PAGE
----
“You think I’m still upset about that? I should be glad that she jumped in line ahead of me, otherwise I’d have been blown up with the rest,” Marudhar said. “What I can’t forgive her for is her insane conspiracy theories.”
“She’s still grieving,” John said.
“It’s been 24 years,” Marudhar shot back.
John shifted in his chair.
“Have you forgiven her for the bollocks she spews on Conrad Smith’s show?” Marudhar asked. “She accused you of plotting to kill your own family. She accused me of switching Charlotte and Henrietta at birth. Can you forgive her for that?”
“No,” John said quietly. “But she’s family.”
“Like hell she is,” Marudhar said. “I’d get up and come over there, but I have a dog on me.”
John whistled, and Bajirao jumped off Marudhar’s lap and ran over to him, all wiggly and licking his hand. One of John’s Nile cats, Cleopatra, opened her eyes and watched Bajirao from her perch on top of the table. Her eyes were gold coins floating in a dark void.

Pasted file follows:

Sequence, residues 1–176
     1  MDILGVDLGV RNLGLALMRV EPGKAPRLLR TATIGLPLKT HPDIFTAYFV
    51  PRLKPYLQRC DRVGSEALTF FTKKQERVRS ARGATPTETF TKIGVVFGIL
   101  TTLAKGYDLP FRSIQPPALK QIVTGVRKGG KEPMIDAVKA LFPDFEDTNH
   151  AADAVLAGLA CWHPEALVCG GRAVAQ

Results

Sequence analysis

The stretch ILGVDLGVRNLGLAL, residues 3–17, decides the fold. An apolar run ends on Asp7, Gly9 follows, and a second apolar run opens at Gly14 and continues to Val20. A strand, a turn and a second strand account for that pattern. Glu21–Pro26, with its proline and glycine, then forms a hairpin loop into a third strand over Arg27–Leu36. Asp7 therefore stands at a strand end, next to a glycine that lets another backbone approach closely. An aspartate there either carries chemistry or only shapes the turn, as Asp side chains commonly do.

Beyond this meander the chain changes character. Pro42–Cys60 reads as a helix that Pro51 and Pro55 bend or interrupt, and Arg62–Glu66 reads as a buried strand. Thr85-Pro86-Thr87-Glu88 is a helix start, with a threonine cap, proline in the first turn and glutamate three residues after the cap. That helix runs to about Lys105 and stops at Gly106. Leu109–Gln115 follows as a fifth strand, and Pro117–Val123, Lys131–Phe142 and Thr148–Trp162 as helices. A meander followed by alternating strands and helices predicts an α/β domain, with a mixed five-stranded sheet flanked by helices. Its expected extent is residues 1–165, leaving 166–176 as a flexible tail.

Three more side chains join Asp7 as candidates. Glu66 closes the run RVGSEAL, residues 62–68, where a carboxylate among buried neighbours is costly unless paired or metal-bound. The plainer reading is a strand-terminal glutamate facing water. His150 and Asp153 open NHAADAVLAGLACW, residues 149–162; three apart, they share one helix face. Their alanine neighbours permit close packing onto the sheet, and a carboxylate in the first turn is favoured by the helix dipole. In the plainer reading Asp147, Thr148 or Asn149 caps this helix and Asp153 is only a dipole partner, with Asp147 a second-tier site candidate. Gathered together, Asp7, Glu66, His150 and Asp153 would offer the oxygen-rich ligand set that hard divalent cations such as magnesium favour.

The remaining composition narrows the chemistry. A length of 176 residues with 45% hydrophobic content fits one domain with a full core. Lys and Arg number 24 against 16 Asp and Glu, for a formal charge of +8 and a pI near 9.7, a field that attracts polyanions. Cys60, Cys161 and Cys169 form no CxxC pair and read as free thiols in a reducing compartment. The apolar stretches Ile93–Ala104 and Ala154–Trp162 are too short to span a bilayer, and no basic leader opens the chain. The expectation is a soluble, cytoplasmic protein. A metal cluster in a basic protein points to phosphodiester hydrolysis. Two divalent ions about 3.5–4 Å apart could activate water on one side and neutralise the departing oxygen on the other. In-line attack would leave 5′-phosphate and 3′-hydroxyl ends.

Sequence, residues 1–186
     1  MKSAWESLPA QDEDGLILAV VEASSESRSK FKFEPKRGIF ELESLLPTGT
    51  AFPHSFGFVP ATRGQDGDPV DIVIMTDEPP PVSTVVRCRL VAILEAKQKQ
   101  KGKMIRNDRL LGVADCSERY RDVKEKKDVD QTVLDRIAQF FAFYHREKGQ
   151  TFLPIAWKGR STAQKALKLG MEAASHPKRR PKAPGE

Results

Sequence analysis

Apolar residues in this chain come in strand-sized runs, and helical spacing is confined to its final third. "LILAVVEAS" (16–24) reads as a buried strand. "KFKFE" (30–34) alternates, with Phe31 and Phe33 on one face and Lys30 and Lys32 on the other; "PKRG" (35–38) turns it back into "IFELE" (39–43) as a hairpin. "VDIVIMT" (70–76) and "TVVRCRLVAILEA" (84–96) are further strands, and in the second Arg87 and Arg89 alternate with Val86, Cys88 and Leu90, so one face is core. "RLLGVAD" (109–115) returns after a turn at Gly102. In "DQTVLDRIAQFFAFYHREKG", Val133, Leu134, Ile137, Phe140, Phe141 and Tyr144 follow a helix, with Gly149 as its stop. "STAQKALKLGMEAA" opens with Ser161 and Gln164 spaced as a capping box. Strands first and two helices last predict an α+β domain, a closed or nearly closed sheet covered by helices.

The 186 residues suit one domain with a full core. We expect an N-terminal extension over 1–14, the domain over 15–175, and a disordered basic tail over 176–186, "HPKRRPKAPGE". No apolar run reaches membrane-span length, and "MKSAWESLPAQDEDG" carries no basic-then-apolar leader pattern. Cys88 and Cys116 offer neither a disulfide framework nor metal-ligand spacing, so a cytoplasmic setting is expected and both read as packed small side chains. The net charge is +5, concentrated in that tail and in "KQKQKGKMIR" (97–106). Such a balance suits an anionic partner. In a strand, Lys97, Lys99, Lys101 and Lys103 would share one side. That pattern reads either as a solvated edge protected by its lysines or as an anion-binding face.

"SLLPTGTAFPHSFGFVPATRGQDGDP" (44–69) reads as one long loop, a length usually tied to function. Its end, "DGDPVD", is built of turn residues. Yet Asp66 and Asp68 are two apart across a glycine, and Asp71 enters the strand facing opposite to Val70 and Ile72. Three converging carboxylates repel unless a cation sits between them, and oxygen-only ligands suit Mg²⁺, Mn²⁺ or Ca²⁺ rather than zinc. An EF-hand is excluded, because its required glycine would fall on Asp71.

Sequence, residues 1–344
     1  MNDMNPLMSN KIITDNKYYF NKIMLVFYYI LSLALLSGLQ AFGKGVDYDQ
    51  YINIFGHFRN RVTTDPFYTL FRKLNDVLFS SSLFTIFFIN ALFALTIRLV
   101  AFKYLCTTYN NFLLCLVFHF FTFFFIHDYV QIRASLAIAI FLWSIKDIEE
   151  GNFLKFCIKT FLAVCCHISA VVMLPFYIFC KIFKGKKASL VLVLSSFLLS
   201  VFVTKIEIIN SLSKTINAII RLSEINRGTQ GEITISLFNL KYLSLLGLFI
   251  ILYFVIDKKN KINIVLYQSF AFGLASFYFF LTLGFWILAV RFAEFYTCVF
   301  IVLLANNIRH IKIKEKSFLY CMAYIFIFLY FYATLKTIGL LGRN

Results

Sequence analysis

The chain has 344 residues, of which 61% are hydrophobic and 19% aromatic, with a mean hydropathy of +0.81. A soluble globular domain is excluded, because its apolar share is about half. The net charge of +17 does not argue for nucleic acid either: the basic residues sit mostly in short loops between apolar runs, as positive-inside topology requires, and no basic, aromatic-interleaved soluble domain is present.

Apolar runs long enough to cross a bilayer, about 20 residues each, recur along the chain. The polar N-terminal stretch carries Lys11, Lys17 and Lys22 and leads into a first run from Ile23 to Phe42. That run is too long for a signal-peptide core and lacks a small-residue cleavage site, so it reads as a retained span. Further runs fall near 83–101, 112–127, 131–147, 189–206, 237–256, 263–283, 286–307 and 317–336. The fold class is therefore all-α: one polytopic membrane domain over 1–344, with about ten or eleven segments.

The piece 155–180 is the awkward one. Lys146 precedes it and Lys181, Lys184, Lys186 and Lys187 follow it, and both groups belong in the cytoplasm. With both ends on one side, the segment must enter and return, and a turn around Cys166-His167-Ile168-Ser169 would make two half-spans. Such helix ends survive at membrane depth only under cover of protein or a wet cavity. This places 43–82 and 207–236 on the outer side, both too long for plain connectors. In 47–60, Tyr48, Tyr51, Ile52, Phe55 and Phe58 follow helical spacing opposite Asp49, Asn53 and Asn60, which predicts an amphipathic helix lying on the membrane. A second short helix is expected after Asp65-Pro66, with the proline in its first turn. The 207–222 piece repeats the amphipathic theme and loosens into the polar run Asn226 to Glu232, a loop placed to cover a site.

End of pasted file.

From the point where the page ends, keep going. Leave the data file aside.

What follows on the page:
“That’s cheating,” Marudhar said. She set aside the TapPad and sat down next to John. “Listen, Johnny,” she leaned in close, “Maria Luisa is a fucking cancer on this family. You need to cut this cunt out of this family.”
“Cut her out? I haven’t talked to her in years. She’s not even on the Civil List because she told me she didn’t want any of our blood money.”
“You asked her if she wanted to be on the Civil List?” Marudhar asked.
“Yes. Twenty bloody years ago when I first acceded to the Lion Throne,” John said. “Back before she went raving mad.” Marudhar was still staring at him. “So I really don’t know what you want me to do about it, Rudy. I can’t exactly declare her persona non grata. Her father may be just as tired of her as we are, but it would still spark some sort of international incident.”
“It’s just Provence,” Marudhar said.
“If only my father had that same view,” John said quietly.